The grid manager 154 also sends a query to the grid managers 160 and 162 that have a subordinate relationship with the grid manager 154. Process 200 includes resources (eg, processors on computing devices 18, 20) that grid manager 160, 162 meets and is available to grid manager 154 and is known to grid manager 160, 162, respectively. ) To respond to the query by sending a list of). Such a resource-query list, consisting of resources known to the grid managers 160, 162, may also include resources managed by a grid manager (not shown) having a subordinate relationship with the grid managers 160, 162. Grid manager 154 adds these resource-query lists of available resources from grid managers 160, 162 to the resource-query list of grid manager 154 of available resources that meet the requested requirements. If process 200 determines that there is at least one resource (eg, processor 40) in this resource-query list (210), grid manager 154 sends this resource-query list to IPC manager 118 (214). . Alternatively, if the process 200 determines that the grid manager 154 has a relationship with a superior grid manager (eg, the grid manager 152) (212), the grid manager 154 sends a query for available resources to the grid manager 152. (202). In response to this query, the grid manager 152 does not return a redundant query to the grid manager 154 that has a subordinate relationship with the grid manager 152.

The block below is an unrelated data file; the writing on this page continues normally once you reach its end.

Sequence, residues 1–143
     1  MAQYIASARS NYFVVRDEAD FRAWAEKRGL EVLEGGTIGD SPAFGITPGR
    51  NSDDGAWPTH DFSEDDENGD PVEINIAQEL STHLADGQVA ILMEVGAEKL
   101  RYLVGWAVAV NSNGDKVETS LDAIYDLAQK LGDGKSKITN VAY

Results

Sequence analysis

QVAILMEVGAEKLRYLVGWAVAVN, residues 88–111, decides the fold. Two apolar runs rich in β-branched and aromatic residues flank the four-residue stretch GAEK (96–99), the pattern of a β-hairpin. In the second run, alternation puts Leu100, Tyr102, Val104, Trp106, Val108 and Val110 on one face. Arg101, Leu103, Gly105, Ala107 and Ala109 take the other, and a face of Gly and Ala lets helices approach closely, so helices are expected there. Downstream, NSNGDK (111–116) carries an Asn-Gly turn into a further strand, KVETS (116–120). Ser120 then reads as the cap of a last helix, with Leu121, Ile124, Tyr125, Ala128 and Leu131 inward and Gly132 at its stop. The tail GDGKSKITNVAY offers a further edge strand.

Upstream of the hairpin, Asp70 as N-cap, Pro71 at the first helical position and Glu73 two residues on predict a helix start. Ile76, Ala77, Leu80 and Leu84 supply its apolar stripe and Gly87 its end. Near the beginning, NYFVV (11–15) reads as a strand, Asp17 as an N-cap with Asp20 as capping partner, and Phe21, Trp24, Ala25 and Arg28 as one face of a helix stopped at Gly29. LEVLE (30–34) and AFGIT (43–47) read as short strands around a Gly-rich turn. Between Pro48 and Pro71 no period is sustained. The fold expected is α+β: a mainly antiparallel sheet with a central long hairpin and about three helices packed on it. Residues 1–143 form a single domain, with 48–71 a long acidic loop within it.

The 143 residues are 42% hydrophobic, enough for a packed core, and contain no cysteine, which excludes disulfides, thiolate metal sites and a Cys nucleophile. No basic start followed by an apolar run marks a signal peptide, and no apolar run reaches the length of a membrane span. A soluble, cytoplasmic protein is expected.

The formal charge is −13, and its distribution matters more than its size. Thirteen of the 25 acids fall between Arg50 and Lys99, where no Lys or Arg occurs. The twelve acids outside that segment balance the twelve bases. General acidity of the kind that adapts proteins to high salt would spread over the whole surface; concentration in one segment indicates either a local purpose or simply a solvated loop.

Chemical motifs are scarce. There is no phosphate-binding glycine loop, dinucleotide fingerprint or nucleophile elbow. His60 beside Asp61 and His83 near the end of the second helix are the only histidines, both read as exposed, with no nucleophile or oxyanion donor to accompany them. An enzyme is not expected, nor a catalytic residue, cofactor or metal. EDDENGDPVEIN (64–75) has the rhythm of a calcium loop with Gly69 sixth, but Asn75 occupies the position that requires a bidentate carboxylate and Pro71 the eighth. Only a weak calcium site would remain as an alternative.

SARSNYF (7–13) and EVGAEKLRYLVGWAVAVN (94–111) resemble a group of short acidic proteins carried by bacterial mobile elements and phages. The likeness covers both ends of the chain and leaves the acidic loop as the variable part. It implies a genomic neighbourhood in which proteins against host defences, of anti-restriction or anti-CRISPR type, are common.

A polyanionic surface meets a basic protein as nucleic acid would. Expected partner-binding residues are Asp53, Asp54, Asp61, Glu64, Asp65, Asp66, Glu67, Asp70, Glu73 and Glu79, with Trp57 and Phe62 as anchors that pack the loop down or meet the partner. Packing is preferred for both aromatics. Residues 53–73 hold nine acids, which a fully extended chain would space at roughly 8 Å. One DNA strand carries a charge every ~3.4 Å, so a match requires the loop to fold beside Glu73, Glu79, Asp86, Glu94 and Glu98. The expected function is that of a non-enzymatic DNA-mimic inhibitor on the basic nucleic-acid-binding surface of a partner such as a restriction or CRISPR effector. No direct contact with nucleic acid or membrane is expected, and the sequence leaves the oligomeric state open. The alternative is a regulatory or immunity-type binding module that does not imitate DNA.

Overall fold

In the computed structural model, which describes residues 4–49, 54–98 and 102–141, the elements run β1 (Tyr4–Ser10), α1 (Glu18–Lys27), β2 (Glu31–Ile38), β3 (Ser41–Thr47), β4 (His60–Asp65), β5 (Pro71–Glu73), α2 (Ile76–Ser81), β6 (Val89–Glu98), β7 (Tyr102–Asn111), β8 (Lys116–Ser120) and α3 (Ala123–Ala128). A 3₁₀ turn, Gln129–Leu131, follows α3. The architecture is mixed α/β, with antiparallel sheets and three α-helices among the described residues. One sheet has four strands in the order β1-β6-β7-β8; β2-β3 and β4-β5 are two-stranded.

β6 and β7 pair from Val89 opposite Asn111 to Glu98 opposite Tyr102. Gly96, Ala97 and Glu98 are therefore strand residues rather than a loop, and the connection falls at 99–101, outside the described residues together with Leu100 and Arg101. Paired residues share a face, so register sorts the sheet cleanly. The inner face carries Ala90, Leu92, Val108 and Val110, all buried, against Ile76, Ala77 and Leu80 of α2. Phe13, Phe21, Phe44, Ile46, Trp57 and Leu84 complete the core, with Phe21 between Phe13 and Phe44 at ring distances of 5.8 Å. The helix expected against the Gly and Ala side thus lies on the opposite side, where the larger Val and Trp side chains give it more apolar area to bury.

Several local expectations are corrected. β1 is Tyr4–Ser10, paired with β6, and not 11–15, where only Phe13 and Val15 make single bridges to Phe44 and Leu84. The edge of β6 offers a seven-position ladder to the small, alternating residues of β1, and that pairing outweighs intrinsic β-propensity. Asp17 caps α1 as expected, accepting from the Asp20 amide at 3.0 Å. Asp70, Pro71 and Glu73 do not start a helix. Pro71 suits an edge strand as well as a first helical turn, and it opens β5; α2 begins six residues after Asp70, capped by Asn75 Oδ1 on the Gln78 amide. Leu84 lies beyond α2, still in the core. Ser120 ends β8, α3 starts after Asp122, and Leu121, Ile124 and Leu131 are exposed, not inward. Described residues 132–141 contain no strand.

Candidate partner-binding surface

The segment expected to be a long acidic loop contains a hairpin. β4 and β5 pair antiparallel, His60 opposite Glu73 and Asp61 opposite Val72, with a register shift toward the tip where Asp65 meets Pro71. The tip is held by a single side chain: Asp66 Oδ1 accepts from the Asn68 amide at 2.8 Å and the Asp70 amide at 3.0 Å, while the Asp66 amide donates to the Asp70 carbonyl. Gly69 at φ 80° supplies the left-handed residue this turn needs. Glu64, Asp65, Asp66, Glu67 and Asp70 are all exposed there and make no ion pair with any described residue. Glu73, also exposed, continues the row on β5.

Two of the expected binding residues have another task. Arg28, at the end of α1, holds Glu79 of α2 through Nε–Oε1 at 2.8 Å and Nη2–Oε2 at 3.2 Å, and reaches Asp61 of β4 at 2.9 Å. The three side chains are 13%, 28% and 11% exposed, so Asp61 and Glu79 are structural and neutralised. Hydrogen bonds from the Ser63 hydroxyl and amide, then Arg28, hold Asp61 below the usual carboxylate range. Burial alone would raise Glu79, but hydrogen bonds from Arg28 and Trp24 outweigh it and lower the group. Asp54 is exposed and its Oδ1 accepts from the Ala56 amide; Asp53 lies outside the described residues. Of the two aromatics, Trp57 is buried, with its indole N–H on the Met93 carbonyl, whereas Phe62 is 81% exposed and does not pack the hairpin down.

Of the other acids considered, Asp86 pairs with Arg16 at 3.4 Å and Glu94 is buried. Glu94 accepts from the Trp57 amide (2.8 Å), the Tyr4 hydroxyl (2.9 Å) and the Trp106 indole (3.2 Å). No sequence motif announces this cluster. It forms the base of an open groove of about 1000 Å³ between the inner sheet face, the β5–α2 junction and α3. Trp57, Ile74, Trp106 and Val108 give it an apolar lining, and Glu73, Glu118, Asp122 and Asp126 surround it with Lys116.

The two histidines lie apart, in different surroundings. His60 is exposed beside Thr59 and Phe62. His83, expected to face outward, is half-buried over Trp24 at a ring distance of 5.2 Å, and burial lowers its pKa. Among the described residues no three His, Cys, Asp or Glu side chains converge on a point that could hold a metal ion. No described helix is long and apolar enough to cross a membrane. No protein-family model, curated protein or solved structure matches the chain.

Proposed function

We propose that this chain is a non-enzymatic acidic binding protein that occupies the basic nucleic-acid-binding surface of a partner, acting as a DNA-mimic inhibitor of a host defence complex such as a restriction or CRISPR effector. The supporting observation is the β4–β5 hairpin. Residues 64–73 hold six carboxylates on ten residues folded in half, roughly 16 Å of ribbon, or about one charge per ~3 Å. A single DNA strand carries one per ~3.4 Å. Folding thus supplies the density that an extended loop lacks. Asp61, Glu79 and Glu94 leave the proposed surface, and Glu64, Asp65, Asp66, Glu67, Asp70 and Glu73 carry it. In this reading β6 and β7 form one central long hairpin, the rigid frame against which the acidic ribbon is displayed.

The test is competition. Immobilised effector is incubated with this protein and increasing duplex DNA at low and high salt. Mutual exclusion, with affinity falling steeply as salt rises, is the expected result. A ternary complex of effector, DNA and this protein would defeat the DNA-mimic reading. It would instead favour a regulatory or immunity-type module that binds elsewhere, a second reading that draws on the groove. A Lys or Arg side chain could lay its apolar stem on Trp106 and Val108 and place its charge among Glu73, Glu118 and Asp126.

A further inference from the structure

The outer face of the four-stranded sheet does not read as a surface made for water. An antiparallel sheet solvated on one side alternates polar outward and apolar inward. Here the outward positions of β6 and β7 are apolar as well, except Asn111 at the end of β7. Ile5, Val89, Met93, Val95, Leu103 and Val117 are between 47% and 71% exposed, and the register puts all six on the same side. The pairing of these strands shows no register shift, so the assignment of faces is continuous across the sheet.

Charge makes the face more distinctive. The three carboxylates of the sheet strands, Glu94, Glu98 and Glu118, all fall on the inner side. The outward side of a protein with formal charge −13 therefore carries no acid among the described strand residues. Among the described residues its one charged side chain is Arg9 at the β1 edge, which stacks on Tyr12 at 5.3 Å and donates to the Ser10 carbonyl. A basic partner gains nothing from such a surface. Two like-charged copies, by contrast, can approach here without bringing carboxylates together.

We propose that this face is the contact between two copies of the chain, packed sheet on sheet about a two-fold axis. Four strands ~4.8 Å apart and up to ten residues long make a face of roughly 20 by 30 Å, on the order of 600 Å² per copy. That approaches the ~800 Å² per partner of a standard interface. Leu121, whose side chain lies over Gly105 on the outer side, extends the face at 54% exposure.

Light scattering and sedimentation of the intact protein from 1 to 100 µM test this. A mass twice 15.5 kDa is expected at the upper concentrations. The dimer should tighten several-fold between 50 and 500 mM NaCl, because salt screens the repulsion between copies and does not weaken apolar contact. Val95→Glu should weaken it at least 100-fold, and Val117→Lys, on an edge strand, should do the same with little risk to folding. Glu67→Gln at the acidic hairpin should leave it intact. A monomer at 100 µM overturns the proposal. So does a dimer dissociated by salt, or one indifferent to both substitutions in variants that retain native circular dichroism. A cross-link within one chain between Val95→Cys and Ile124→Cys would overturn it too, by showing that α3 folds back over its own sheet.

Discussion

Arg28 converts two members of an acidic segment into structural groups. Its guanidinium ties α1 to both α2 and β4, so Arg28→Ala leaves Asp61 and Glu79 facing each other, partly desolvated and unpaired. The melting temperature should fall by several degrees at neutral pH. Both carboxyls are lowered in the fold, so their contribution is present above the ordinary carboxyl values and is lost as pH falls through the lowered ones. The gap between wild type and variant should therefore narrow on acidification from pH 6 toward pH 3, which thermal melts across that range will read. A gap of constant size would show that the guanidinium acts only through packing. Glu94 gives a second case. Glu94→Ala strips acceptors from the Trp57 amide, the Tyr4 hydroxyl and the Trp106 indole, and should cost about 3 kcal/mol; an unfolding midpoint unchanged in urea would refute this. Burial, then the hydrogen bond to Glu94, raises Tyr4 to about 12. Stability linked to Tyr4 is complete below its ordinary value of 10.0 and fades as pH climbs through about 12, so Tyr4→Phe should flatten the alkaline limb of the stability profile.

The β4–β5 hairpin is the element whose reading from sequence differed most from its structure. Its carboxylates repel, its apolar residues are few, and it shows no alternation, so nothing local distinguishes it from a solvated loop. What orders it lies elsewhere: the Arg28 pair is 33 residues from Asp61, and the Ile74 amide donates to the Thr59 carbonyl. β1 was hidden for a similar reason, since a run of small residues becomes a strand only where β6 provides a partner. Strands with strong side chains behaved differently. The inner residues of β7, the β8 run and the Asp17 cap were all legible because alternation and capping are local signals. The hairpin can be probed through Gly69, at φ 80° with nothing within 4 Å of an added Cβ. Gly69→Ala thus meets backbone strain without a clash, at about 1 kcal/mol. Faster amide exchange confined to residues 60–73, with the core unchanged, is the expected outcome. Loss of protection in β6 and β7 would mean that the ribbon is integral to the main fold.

The process 200 includes the grid manager 154 sending 214 the address of a grid manager in the network 8 that meets the requirements, along with a list of available resources. The IPC manager 118 selects a resource from the list (eg, on the computer device 16) and requests a reservation of the resource on the computer device 16 from the grid manager 154 that manages the resource on the computer device 16 (216). If the resource in the computing device 16 is still available for reservation (218) and the reservation is successful, the grid manager 154 sends the reservation number to the IPC manager 118 (220). This reservation means that the IPC manager 118 is guaranteed and allocated the requested resources on the computing device 16 in the grid computing environment 100. The grid manager 154 handles queries regarding available resources from applications such as the IPC manager 118 using an independent execution processing thread. Thus, the grid manager 154 uses semaphores to prevent the same resource (eg, processor 40) from being assigned multiple reservation numbers for different applications that have requested the same resource simultaneously.